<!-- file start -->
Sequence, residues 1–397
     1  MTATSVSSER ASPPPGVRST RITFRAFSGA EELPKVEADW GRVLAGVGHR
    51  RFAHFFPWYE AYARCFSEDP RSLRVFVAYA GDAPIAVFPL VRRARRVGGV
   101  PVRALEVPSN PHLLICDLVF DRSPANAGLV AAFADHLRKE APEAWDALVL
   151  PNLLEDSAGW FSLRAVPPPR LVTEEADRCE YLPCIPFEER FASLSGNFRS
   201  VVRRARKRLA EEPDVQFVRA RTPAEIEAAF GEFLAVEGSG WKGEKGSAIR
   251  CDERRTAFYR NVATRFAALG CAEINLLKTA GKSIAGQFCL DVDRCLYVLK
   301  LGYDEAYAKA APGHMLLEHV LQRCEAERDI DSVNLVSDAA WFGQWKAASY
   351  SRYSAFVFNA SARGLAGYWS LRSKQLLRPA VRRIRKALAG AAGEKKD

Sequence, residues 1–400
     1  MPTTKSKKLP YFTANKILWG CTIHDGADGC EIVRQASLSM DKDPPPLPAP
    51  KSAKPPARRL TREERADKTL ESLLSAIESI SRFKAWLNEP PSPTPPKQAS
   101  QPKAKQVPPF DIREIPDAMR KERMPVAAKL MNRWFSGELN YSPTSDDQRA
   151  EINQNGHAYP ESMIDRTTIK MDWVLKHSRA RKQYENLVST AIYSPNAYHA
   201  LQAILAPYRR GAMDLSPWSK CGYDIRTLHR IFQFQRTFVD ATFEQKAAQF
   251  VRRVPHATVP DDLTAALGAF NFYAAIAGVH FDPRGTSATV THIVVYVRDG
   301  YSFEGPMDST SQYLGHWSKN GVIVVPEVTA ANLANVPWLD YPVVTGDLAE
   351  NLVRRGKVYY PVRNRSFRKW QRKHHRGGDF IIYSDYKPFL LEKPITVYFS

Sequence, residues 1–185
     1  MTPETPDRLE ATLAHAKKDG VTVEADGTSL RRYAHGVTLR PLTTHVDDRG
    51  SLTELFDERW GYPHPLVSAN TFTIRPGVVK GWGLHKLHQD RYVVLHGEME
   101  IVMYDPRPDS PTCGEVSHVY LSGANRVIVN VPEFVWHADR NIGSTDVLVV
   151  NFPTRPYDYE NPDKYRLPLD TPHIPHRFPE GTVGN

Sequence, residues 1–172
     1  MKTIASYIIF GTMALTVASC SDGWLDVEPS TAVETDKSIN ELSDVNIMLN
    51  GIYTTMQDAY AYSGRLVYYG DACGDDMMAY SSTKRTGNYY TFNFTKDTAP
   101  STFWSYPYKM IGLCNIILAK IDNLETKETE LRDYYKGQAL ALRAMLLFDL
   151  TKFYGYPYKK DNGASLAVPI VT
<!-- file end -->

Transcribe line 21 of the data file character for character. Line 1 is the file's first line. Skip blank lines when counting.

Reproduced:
    51  SLTELFDERW GYPHPLVSAN TFTIRPGVVK GWGLHKLHQD RYVVLHGEME